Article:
From Student to Sponsor: Q&A with Matt Mette

Feb. 15, 2024


Five students stand in an engineering lab
Matt Mette is mentoring Team 24032, which he says is doing a great job on a project with a big scope.

Matt Mette graduated from the University of Arizona in 1999 with a degree in mechanical engineering and has spent most of his career at Roche’s Ventana Medical Systems campus, where he now works as a mechanical engineering manager and staff engineer. A longtime partner of the Interdisciplinary Capstone program, Roche has sponsored numerous student teams and awards. Mette is now one of the primary capstone mentors with Roche, leading multiple student teams like the one he was once a part of.

Tell us about your capstone project during your UA education.

I was part of a capstone team that designed and built an apparatus to automatically test and calibrate liquid flowmeters used in the semiconductor industry. At the time, the flowmeters were tested by hand and all the calibration data was manually entered by the tester. We built a system that automated much of the process and reduced testing time by about 80%.

It was a great experience and exposed us to many different aspects of engineering, design and teamwork. Our project encompassed designing mechanical components, integrating them with fluidics and motion controllers, writing code, assembling, testing and documentation.

Did your experience in the capstone program prepare you for your career?

The project helped me learn more about fluidics and motion control, which I now use quite a bit in my career. We designed our parts in CAD and produced drawings. We worked with different machinists and often made our own parts, and then assembled everything. That was the first time we used many of these tools for a real application, and it helped us think about the manufacturing process.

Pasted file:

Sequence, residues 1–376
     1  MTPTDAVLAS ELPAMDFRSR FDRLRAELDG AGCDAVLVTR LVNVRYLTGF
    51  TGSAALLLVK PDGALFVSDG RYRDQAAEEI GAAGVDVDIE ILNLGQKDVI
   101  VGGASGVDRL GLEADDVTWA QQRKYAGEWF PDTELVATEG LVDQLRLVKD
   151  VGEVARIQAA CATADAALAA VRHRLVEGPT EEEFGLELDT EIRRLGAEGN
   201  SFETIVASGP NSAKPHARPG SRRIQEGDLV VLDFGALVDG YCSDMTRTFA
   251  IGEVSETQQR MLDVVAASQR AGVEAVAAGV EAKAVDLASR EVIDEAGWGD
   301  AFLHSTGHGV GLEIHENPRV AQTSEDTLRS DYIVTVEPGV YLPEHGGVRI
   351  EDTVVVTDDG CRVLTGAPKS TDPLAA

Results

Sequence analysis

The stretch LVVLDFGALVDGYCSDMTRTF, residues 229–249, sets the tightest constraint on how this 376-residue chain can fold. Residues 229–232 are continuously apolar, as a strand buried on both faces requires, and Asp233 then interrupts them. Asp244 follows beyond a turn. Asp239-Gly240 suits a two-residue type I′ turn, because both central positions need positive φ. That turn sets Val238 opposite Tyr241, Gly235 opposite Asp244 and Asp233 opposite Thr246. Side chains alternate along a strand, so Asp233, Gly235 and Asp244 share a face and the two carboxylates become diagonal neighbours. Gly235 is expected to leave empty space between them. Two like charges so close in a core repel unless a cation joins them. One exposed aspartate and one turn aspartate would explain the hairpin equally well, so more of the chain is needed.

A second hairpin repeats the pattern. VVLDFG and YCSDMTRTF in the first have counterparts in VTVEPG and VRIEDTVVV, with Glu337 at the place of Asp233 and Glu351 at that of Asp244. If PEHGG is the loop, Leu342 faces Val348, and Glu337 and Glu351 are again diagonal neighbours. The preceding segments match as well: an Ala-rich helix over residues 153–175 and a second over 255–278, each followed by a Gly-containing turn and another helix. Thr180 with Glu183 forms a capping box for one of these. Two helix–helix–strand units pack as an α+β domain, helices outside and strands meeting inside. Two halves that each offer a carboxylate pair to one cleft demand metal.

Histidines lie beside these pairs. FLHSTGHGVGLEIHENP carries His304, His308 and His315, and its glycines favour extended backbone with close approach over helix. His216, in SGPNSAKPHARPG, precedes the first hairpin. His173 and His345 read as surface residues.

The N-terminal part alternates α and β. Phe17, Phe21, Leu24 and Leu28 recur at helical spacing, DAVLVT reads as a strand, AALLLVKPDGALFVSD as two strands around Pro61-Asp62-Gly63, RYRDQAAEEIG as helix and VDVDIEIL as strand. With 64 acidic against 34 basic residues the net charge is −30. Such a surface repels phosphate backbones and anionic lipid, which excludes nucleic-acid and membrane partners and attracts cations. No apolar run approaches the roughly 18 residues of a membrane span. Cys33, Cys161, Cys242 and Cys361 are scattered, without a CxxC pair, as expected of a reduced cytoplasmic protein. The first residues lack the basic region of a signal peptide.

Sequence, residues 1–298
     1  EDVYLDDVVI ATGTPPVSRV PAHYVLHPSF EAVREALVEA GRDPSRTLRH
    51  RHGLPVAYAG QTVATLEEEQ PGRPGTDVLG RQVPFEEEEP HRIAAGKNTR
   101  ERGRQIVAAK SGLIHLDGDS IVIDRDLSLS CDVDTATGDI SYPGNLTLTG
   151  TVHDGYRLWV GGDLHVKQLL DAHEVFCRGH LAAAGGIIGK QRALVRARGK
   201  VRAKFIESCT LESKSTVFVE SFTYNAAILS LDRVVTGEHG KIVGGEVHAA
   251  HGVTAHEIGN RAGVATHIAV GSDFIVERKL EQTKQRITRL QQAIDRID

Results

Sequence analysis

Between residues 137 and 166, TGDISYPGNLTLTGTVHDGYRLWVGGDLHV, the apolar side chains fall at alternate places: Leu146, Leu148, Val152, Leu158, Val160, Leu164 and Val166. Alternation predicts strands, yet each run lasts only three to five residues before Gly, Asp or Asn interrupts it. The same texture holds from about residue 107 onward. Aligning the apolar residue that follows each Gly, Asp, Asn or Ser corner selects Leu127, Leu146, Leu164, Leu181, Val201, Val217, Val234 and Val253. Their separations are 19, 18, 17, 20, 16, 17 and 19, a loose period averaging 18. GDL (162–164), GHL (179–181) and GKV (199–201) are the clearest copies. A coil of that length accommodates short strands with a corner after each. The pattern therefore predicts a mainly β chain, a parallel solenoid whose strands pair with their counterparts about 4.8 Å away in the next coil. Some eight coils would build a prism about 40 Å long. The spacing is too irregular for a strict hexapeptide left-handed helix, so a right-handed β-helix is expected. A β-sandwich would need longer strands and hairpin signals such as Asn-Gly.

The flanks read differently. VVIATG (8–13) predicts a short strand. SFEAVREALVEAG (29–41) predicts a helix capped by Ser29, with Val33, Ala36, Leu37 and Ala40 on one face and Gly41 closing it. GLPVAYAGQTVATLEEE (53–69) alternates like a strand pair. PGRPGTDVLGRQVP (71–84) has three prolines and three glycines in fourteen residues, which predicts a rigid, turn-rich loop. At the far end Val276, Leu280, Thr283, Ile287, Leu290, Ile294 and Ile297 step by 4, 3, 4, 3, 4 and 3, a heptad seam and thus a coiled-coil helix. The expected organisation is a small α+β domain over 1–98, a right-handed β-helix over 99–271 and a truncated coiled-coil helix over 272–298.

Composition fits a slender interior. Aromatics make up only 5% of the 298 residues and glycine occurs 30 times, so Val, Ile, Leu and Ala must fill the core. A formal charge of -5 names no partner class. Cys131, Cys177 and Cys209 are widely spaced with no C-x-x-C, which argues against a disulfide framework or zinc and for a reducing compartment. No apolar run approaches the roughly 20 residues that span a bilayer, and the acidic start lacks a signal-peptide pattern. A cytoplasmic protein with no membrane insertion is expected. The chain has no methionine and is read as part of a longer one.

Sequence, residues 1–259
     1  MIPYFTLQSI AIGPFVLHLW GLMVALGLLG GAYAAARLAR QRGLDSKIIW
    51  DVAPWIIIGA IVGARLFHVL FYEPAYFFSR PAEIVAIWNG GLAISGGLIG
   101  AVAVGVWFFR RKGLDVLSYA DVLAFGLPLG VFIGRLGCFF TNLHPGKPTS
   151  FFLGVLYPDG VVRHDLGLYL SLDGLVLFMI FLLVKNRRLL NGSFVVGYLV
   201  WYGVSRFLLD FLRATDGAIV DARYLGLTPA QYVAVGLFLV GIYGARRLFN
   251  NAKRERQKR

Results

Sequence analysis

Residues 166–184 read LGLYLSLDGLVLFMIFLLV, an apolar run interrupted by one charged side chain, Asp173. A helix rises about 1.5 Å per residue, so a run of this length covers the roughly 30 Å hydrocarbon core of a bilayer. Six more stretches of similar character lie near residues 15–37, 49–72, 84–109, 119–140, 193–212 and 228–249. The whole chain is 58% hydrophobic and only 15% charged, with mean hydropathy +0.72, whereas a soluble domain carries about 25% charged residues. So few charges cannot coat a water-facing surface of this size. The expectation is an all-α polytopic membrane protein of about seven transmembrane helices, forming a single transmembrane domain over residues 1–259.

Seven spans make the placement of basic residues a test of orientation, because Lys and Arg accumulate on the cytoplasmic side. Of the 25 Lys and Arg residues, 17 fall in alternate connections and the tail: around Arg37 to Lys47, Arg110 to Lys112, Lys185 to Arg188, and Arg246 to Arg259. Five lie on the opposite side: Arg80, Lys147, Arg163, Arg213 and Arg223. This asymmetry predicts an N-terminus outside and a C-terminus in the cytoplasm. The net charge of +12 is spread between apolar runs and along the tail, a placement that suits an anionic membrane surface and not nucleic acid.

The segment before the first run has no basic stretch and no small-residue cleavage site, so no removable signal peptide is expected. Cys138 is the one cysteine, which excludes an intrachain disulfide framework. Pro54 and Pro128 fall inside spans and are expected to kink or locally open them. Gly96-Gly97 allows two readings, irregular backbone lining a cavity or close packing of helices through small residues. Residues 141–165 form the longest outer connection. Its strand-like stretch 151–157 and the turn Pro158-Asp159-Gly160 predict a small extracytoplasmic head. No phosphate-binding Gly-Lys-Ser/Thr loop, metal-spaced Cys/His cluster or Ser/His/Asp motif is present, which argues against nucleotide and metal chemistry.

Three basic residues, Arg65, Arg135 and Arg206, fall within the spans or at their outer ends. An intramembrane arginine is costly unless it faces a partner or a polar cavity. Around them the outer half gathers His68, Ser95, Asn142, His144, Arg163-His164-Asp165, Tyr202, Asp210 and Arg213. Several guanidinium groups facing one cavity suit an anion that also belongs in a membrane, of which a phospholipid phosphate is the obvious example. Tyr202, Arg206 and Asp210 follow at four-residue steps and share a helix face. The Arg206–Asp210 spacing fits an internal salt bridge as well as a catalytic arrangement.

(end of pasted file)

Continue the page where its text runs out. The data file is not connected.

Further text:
Aspects of project management, working with a team, meeting deadlines, defining requirements and managing scope are all areas that the capstone program initially exposed us to, and are still part of my day-to-day work. I even went on to work for the company my capstone project was sponsored by for several years. That first engineering job was an excellent foundation for my overall career, and I'm so grateful for all my experiences.

What teams have you worked with? Can you share a little bit about the team you currently work with and how they’re doing?

I have worked with several teams. The most recent one focused on automating specific cleaning processes in the lab and another on automatic level detection of fluids on certain instruments. My current team is looking at a possible method for automating the handling of certain patient samples. This team is doing a great job so far, especially since they are tackling a big scope.

We try to identify projects that will give students exposure to many areas, such as motion control, mechanical interfaces, machine vision, digital input and output, software control, and interface constraints. I'm impressed with their creativity and talent so far.

What are some of the most rewarding moments?

It's great to see all the hard work and creativity the students are putting in. Their excitement and enthusiasm remind me of why I love engineering so much, and it inspires me in my job. 

It is most rewarding to see the students try something that doesn't work, learn from that, and then iterate on an even better concept. It's also rewarding to see the appreciation the students have for the teachers, mentors and program in general. I was especially grateful when one student told me they weren't sure they wanted to continue as an engineer, but after being on our project they were very excited about their future in engineering.

Would you recommend the sponsor experience to other companies and alumni?

I would definitely recommend this experience. Steve Larimore and the instructors continue to improve the capstone program, and I think it is such an important part of the success of our future engineers. I hope the students learn some things from me, since I learn from them each time. The students bring fresh perspectives to the projects that we may not have tried ourselves. We use the projects to help the students learn, but also to provide us with great foundations that we can further develop. Mentoring the students helps strengthen my skills and knowledge as well. And of course, I get to meet some amazing young adults who sometimes turn into longtime teammates down the road.

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